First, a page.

Banking and Currency
Foreign Currency Control
Foreign exchange controls in Tunisia are regulated by the Foreign Trade and Foreign Exchange Code of 1976. The government has undertaken a review of the Code and is in the process of instituting liberalization changes. The Tunisian Dinar is not fully convertible to foreign currencies, however, in recent years, Tunisia has relaxed foreign exchange control provisions regarding current account transactions. A currency account transaction law was enacted in 1993 which incorporates liberalizing provisions in this regard. Today the Tunisian Dinar is commercially convertible for all bona fide trade and investment operations. Foreign investors in Tunisian companies are entitled to repatriation capital and may receive dividends in foreign currency.
In the area of importation of goods, all import documents which involve payments must be handled through authorized banks. Foreign currency may be purchased from the Central Bank of Tunisia (CBT) or from banks which have been designated by the CBT for the payment of imports, subject to licensing restrictions and provided that the license has been obtained prior to importation. Payments for exports received in foreign currency ordinarily must be repatriated within ten days of payment.
Capital transfers are subject to the approval of the CBT. Non-residents are allowed to repatriate invested capital and net proceeds of such investment in foreign currency.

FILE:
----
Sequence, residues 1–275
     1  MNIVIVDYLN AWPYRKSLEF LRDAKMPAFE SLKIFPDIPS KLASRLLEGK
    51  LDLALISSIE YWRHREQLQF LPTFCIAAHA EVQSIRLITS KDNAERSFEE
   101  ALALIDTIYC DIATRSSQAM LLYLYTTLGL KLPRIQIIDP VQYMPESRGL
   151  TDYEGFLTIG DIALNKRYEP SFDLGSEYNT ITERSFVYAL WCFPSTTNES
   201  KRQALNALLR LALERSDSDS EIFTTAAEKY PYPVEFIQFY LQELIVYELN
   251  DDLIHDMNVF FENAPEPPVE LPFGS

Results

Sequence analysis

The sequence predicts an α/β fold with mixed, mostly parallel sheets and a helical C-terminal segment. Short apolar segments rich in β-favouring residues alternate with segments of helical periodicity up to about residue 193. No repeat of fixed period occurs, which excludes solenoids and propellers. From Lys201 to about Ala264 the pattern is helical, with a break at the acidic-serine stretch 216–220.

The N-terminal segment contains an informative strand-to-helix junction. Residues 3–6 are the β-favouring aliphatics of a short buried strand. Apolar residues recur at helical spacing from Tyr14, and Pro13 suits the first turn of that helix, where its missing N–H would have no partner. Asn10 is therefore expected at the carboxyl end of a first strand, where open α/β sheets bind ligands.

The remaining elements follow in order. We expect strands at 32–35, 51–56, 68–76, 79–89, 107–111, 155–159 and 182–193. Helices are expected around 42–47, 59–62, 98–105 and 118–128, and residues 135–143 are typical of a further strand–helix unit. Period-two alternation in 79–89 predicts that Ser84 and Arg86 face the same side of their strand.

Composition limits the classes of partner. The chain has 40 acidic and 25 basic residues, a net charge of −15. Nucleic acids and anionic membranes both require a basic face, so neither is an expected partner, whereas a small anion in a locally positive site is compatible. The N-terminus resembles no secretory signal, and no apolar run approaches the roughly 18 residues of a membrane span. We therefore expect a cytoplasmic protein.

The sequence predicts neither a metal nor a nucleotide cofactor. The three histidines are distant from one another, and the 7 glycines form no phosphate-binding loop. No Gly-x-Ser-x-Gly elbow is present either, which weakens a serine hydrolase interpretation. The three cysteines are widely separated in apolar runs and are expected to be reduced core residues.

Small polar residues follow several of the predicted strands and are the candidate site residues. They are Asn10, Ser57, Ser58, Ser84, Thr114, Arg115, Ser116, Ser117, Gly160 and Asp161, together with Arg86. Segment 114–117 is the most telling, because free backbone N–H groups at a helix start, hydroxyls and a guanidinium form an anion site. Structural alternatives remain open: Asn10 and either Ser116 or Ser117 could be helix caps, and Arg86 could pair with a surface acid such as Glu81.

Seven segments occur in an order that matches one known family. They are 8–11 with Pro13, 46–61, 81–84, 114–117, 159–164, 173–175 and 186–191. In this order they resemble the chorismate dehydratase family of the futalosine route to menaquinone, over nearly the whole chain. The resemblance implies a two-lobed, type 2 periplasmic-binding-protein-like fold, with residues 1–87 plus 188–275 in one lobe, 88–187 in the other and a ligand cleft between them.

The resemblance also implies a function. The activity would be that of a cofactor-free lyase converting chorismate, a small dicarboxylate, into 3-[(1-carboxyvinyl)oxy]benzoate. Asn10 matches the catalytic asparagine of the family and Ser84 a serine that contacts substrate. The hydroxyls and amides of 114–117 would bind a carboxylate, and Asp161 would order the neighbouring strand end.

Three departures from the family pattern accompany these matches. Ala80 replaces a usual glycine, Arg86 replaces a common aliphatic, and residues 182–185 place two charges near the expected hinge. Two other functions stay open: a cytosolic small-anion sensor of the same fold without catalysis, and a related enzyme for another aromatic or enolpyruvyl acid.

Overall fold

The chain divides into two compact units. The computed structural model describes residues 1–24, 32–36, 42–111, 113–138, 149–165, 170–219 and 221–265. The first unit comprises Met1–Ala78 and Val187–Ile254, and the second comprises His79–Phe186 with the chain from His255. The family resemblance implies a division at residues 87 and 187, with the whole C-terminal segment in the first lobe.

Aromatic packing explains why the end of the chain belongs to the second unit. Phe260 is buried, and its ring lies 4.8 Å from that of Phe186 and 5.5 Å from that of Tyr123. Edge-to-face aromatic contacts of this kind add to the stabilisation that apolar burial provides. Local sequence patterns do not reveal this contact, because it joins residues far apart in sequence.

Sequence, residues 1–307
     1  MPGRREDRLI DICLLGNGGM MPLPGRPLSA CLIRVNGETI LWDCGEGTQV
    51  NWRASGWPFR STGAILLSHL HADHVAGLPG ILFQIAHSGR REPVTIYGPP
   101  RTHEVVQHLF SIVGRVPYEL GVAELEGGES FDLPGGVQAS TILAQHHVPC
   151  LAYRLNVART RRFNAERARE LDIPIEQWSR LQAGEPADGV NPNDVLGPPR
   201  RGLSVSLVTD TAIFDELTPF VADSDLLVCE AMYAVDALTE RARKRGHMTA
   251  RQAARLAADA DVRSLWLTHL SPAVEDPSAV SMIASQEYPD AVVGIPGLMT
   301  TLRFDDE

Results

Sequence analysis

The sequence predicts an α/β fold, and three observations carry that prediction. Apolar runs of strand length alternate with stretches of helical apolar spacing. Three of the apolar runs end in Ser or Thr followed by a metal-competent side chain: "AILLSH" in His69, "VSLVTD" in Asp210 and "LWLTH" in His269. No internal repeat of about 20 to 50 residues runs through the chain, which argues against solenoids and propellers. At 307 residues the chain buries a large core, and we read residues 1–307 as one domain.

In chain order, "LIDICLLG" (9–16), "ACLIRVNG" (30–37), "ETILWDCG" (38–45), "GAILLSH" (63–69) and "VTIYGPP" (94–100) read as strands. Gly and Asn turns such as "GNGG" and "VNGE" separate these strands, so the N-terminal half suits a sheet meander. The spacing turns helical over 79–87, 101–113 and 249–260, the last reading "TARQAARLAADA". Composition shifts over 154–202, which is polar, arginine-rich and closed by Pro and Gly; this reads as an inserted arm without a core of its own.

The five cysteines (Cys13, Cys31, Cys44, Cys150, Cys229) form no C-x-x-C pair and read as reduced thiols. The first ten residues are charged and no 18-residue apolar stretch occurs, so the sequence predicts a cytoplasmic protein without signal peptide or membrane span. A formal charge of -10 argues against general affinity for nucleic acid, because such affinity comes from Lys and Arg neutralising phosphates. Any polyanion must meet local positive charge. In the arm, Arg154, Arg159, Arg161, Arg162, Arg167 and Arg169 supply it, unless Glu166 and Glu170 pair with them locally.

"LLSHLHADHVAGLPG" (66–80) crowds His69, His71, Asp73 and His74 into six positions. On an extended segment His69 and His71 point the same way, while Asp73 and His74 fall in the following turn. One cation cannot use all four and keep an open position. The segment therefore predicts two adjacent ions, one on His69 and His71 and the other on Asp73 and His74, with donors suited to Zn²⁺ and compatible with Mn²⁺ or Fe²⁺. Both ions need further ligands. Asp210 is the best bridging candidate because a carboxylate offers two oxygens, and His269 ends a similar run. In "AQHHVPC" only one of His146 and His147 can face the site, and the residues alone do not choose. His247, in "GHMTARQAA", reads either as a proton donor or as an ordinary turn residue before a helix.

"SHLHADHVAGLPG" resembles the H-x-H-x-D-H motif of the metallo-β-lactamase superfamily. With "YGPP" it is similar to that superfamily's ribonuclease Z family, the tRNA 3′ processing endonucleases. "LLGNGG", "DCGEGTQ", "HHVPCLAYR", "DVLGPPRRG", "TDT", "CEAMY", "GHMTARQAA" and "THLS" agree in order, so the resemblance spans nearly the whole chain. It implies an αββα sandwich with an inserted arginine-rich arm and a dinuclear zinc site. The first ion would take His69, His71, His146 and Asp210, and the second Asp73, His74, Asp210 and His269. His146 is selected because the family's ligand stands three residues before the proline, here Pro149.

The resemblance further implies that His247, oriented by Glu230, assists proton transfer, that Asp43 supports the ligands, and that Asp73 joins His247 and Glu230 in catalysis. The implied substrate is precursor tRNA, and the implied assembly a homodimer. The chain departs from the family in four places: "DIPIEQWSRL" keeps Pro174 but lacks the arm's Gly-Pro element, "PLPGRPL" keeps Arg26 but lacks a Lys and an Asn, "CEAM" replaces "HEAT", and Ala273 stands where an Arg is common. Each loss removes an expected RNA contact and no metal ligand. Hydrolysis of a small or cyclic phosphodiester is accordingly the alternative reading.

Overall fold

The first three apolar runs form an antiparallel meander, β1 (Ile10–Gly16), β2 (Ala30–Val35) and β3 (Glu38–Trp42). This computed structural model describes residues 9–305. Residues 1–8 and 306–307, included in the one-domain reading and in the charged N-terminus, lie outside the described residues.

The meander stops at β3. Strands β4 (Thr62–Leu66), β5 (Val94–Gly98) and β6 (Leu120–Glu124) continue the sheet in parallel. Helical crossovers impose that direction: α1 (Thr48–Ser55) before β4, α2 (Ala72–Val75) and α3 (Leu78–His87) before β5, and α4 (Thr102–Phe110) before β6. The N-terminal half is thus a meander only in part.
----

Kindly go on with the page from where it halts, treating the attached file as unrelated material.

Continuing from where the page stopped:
The CBT monitors the commercial, development and investment banks operating in Tunisia. The commercial banks provide short and mid-term credit. Development banks grant only long-term credit for the financing of large scale projects in tourism, agriculture and industry. Investment banks, which were recently created, are responsible for promoting investment projects and managing capital risks.
New legislation enacted in 1994 is aimed at broadening the range of banking services and products available, easing restrictions regarding loan approvals, and increasing competition in the banking industry. These new laws also created a new type of banking category which specializes in providing financial management banking services for business enterprises.
Tunisia is a signatory of the Paris Convention for the Protection of Industrial Property and the Paris Convention Regarding Trademarks, as revised in the Hague, London and Stockholm. Tunisia is a member of the World Intellectual Property Organization and is a signatory of the UNCTAD agreement on the protection of patent and trademarks. Tunisia has withdrawn from the Madrid Agreement regarding trademarks.
Patent applications are examined by the Patent Office only with regard to form and, while novelty of an invention is examined, merit is not. A patent application, together with the grant of a patent are published in the Official Gazette. Opposition to a patent application must be filed within two months of the date when the application was filed. Applications for the issue of letters patent should be made before the invention has been published, used or otherwise received sufficient publicity to allow it to be put into practice.